Computer programmers, IT specialists, and hackers are often depicted in popular works of fiction, from books, movies, to TV shows. On the 2017 Developer Survey, we asked respondents about depictions of what it’s really like to be a programmer. This was one of my favorite questions on the survey this year, and analyzing these results has been quite the glimpse into the opinions of our community.
Text Mining the Survey Responses
There were 10,983 respondents who answered this question on the survey about fictional characters, and respondents answered one of four possible versions of this question:
- most realistic,
- least realistic,
- most inspiring, or
- most annoying.
This question was open-ended, with a free text field that respondents could type anything into. Let’s use some text mining to explore the individual words our survey respondents used to answer this question.
Many of our users responded with Elliot Alderson from Mr. Robot as a realistic depiction of a programmer, with other strong showings from the characters of Office Space (such as rap aficionado Michael Bolton) and Silicon Valley. I’ll admit I was a little surprised to see The Matrix with so many answers on this question, as I can’t say that I personally have ever fought off evil agents in bullet time.
After we explored the words our survey respondents used to describe fictional programmers and hackers, we categorized individual words into larger groups for specific characters, using word correlations and word networks like those shown above. After this categorization, we can see what proportion of our respondents gave various answers for this question.
Notice that our survey respondents identified many of the same fictional characters for all of these categories, just with different proportions. The protagonist in Mr. Robot is a common choice in all categories but is the most common choice, by a wide margin, for most realistic and inspiring. The characters from Silicon Valley are often identified as realistic and sometimes chosen as annoying but were not a significant choice as unrealistic. Stanley Jobson from Swordfish is identified as both annoying and unrealistic. Sheldon Cooper from The Big Bang Theory is a common choice for annoying and is sometimes chosen for realistic, but is not a significant choice for unrealistic.
Comparing Character Choices
Given how many respondents on our survey chose the most common answers across all versions, let’s look at differences between the four versions. Which characters were respondents more likely to choose for one version of the question compared to others? Let’s start by comparing only most and least realistic.
Television characters from shows like CSI, NCIS, Arrow, and Criminal Minds make up many in the least realistic group. The characters from Hackers were also voted unrealistic, which is heartening, because how many us have rollerbladed with a gang of our coworkers? Survey respondents were likely to identify the developers in Office Space, Dilbert, and Cameron Howe from Halt and Catch Fire as most realistic. And Maurice Moss! Who among us hasn’t experienced something like this in our work?
We can similarly compare each of the four versions to the overall choices made by respondents on this question and find which fictional characters were more likely to be chosen for each version.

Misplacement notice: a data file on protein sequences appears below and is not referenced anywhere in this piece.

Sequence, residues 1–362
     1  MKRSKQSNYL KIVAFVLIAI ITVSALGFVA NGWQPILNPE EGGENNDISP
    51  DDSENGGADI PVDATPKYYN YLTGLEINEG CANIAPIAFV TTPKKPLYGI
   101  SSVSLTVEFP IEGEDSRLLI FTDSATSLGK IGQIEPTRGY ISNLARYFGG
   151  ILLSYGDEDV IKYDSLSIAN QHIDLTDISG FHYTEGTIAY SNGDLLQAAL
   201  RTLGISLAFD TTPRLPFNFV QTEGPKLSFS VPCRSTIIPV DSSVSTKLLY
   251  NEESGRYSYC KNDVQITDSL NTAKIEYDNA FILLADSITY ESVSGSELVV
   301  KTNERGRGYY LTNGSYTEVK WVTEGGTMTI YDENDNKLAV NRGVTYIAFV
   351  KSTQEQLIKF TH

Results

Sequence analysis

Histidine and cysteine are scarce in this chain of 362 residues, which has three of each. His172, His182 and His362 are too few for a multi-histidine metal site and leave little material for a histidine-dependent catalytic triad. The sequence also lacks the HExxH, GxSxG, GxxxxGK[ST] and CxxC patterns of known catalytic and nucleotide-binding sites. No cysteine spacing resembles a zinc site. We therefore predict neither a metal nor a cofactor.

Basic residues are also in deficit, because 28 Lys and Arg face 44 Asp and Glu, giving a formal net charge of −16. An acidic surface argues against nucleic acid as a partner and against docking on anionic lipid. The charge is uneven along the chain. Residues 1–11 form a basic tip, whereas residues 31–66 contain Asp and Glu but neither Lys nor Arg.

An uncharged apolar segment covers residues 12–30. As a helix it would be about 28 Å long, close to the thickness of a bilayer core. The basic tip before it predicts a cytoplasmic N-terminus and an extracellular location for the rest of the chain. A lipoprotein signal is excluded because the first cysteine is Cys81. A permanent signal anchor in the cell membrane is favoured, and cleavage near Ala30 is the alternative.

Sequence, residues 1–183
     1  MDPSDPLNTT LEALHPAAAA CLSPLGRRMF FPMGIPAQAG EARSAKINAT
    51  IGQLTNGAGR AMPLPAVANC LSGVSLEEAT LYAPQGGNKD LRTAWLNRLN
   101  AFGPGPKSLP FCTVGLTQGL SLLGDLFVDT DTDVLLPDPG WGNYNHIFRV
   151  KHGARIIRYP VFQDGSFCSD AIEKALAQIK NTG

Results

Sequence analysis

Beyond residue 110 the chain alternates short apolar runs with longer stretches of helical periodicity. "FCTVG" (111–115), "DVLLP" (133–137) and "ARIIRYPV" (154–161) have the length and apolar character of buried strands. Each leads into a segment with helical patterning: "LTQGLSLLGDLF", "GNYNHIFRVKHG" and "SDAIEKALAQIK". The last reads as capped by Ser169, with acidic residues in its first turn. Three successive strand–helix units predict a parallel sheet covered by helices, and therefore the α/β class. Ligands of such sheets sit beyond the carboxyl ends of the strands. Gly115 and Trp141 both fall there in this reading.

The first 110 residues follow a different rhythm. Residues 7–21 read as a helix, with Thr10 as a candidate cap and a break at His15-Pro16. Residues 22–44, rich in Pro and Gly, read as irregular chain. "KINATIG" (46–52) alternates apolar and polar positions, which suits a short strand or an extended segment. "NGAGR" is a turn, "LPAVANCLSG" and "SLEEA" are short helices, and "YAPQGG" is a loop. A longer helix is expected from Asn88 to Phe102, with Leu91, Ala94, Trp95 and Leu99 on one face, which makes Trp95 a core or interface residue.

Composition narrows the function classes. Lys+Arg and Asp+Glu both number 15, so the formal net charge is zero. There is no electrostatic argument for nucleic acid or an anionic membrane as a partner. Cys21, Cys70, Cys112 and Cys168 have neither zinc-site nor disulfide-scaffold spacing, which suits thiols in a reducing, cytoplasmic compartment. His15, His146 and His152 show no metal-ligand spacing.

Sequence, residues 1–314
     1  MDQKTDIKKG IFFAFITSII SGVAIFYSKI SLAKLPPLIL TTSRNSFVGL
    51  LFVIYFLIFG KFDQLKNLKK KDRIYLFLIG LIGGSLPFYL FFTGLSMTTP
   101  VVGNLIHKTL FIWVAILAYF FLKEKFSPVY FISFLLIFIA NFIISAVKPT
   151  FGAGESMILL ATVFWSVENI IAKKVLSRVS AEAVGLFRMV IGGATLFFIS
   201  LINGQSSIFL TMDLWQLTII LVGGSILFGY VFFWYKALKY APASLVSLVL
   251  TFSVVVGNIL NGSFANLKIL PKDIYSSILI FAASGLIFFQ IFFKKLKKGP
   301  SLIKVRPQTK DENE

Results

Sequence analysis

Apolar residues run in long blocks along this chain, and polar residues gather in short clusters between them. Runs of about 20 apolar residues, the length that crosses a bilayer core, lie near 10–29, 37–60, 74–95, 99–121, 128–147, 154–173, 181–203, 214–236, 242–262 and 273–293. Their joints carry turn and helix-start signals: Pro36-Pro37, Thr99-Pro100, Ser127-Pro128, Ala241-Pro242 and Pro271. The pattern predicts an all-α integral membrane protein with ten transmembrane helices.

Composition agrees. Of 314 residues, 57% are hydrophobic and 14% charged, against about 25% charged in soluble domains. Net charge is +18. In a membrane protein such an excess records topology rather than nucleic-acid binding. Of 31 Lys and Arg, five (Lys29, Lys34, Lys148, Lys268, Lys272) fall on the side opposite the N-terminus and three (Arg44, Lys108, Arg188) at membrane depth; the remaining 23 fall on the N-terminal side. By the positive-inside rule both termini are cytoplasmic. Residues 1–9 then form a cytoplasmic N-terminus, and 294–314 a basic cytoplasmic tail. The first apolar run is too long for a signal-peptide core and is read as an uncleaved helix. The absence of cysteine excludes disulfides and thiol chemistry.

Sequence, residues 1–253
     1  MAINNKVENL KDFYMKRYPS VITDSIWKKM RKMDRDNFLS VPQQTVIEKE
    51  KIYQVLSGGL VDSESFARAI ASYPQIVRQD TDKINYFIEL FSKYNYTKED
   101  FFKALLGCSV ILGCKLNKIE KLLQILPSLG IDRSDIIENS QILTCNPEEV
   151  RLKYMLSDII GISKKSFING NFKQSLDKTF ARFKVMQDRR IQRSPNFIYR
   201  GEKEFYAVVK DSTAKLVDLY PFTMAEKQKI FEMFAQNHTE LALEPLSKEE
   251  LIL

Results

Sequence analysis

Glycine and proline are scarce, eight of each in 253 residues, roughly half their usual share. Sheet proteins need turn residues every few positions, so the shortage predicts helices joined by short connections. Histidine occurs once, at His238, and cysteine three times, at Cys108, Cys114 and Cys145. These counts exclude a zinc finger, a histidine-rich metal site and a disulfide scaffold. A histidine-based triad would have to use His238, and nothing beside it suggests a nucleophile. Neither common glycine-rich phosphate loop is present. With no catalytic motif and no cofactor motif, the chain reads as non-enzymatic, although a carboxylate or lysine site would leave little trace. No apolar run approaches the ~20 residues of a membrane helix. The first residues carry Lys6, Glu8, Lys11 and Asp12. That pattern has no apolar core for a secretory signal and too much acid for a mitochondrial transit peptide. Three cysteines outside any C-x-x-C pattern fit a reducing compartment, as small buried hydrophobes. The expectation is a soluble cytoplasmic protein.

I have now added watching the short film Kung Fury to my plans for the weekend; its character Hackerman was identified as one of the least realistic relative to the choices made in the other group. I love seeing Neal Stephenson’s wonderful novel Snow Crash show up in the analysis here, as one of the most inspiring portrayals of hackers in fiction.
I’m interested in women in tech, so let’s take a quick glance at words chosen at higher rates by men and women (including those who identified as transgender men and women) in the survey, for all the question options as a whole.
Women and men both gave the common answers at high rates, but this plot shows characters that women or men identified more often relative to the other group. Women were much more likely to identify fictional characters who are women, like Penelope Garcia in Criminal Minds and Lisbeth Salander in The Girl with the Dragon Tattoo. (Remember that this is not necessarily in a positive context!) Men were much more likely to identify fictional characters who are men, such as Mark Zuckerberg (fictional?), a James Bond villain, and Tony Stark. We all love Iron Man, of course, but this is a nice reminder that representation matters; it is helpful to see lots of different kinds of people working as developers, both in fiction and real life.
We can say that the television show Mr. Robot is having a moment, for the developer community at least. The main character was one of the top choices in all versions of this question, and thus is perhaps the most/least realistic/annoying/inspiring portrayal of what it’s like to be a computer programmer today.
More seriously, when we look beyond the fact that respondents gave common answers to all the versions of this question at high rates, we see interesting differences between the four versions. Tony Stark was chosen at a high rate for inspiring, and Sheldon from The Big Bang Theory was often considered annoying. Characters from Office Space and Silicon Valley were often chosen for most realistic, and portrayals of computer programmers from works like Hackers, CSI, Swordfish, and NCIS were voted unrealistic.
Working on the analysis for the 2017 Stack Overflow Survey has been interesting and rewarding, and the results give us insight into how developers learn, work, and share. Check out the full report on our results to learn more about the developer community, from technologies to geography to salaries.